Jason Adasiewicz’ Rolldown

Varmint
Cuneiform Rune 292

Aram Shelton’s Fast Citizens

Two Cities

Delmark DE 590

Organizing many bands with shifting, but similar, local personnel seems to be a factor uniting the newest generation of Chicago improvisers, with earlier jazz folk from territory towns like Chicago and Detroit. Unlike places such as New York, Los Angeles and Toronto where every player seems to be from somewhere else and may soon be heading elsewhere, Windy City folk have an overriding sense of place – even if they eventually move on.

Take these fine quintet and sextet CDs. Each shares three musicians in common – drummer Frank Rosaly, cornetist Josh Berman and reedist Aram Shelton. Cellist Fred Lonberg-Holm on Two Cities also works with Varmint’s bassist Jason Roebke in his own trio; while bassist Anton Hatwich from Two Cities was in a band led by saxophonist Dave Rempis with Rosaly; vibist Jason Adasiewicz has worked in bands led by multi-reedist Ken Vandermark, who also employs Lonberg Holm; and Hatwich, Adasiewicz and Jackson are also featured on Berman’s own CD, Old Idea (Delmark DE 588). And the interconnections go on and on.

The power of this mutual respect among peers is evident in both CDs. Adasiewicz initially composed most of the tunes for Rolldown while living in Madison, Wisc. and working on a vegetable farm [!]; while Shelton has actually relocated to Oakland, Calif. – the other city of the two cities title. Fast Citizens, founded in 2002, usually function as Jackson’s working band in Chicago and has recorded under the tenor man’s name as well. Despite these similar separations, both ensembles function as if the members practice collectively every day.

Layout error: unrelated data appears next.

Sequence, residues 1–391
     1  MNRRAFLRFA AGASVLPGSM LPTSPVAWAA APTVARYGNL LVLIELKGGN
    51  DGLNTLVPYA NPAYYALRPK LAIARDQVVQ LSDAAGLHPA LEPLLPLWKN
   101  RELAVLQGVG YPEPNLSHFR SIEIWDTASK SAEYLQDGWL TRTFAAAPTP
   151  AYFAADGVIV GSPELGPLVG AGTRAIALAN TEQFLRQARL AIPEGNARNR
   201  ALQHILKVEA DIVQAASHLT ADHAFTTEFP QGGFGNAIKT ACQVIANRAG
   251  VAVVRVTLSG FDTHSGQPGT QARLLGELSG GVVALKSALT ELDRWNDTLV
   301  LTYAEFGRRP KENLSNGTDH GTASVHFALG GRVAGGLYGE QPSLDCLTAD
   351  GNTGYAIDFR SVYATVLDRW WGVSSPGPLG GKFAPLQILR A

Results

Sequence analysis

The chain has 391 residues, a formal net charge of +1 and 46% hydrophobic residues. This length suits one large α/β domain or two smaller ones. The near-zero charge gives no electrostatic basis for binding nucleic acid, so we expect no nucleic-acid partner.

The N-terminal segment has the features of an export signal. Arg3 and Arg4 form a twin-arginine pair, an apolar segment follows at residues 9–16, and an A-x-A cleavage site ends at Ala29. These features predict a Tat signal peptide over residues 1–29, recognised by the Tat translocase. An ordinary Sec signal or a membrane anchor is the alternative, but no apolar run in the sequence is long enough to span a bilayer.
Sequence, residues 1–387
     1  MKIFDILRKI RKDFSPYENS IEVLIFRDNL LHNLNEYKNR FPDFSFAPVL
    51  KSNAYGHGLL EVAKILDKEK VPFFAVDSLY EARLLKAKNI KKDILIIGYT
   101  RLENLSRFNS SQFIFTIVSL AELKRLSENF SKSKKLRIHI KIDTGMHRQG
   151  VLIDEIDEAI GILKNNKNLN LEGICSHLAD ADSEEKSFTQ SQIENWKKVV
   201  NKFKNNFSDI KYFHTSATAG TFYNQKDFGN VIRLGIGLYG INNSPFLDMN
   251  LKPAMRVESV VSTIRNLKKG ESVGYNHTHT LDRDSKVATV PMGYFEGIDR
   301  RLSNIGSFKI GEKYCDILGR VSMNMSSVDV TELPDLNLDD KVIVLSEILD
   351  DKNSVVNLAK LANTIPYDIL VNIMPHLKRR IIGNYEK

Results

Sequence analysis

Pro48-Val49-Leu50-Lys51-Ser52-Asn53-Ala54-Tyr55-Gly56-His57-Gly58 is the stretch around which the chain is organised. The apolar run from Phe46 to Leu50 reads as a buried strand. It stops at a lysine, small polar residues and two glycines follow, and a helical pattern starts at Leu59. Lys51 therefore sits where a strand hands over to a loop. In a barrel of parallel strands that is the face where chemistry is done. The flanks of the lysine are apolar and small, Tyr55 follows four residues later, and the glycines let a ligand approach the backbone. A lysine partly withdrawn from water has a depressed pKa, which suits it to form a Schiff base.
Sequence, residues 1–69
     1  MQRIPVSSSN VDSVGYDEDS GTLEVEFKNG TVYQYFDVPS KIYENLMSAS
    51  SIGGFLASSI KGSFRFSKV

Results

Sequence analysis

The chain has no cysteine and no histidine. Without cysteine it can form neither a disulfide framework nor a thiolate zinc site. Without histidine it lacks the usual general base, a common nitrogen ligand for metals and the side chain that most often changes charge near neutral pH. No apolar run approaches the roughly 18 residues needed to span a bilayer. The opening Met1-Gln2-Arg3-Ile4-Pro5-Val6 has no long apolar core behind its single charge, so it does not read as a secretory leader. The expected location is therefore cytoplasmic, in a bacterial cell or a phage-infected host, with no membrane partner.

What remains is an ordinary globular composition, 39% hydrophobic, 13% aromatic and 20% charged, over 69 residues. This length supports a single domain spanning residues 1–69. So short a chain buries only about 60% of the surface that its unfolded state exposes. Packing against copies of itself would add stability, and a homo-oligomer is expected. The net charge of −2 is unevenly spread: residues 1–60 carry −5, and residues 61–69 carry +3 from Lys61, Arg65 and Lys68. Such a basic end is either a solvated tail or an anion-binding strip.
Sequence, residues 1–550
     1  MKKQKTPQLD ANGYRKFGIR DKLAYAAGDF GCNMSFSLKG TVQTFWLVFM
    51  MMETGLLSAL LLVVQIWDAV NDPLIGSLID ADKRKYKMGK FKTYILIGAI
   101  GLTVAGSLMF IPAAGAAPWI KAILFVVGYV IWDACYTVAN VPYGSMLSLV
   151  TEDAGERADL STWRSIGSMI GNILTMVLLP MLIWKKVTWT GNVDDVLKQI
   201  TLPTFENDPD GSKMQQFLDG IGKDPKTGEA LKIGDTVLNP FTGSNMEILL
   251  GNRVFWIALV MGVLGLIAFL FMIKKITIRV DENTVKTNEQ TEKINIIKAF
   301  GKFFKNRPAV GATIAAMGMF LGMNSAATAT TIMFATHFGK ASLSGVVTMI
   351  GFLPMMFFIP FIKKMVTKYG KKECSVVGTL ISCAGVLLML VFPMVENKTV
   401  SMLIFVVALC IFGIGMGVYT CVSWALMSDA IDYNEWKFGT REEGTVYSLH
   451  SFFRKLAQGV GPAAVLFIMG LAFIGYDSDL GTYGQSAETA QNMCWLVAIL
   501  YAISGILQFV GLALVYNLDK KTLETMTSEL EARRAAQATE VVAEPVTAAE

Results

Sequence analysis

On Two Cities’ nine tracks, for instance, whether Shelton, Jackson, Lonberg-Holm or Hatwich composes the line, sonic cohesion is the same, as is the equally powerful solos and section work. Shelton’s title track for instance, is initially built on call-and-response hocketing from the unison horns and tough rat-tat-tats and press rolls from the drummer. But soon the piece opens up with extended flutter tonguing from the alto saxophonist, sul ponticello bass work and squeaking and slinky cello runs. When Jackson takes over the lead, he adds irregular vibrato and locked tongue stops as Berman smears grace notes. Finally Rosaly’s hand drumming is cushioned by a speedy recap of the head. Experimenting coupled with respect for the tradition is reflected in the tracks by Jackson, the band’s other main composer. On “Easy”, the final track, he boldly snorts the thematic line as his tone thins to expose split tones and altissimo runs. Meanwhile the cello picks and plinks frailing timbres and the bassist walks solidly atop press rolls from the drums.

In between that, two of Shelton’s tunes, “In Cycles” and “the Twenty-Seven” are particularly noteworthy. On the later, Lonberg-Holm’s legato smoothness is contrasted with chirping split tones from the composer on alto and rubato peeps from Berman., alternating between slurred grainy textures and translucent blasts. Before the cornetist wraps up the piece with metallic scaling and cat-like yowls, sul ponticello cello lines sweep across the sound picture then turn to a strumming undertow as the horns vamp and peck. “In Cycles” moves in broken phrases that nevertheless refer back the reverberating exposition. As the bassist decisively pops his strings, Shelton stutters clarinet trills on top of massed horn lines that gradually modulate from andante to allegro. Leaving enough space to outline Hatwich’s and Rosaly’s rhythmic thumps, the conclusion showcases the combined brass and reeds and make each pass more staccato and aleatoric until the wrap-up.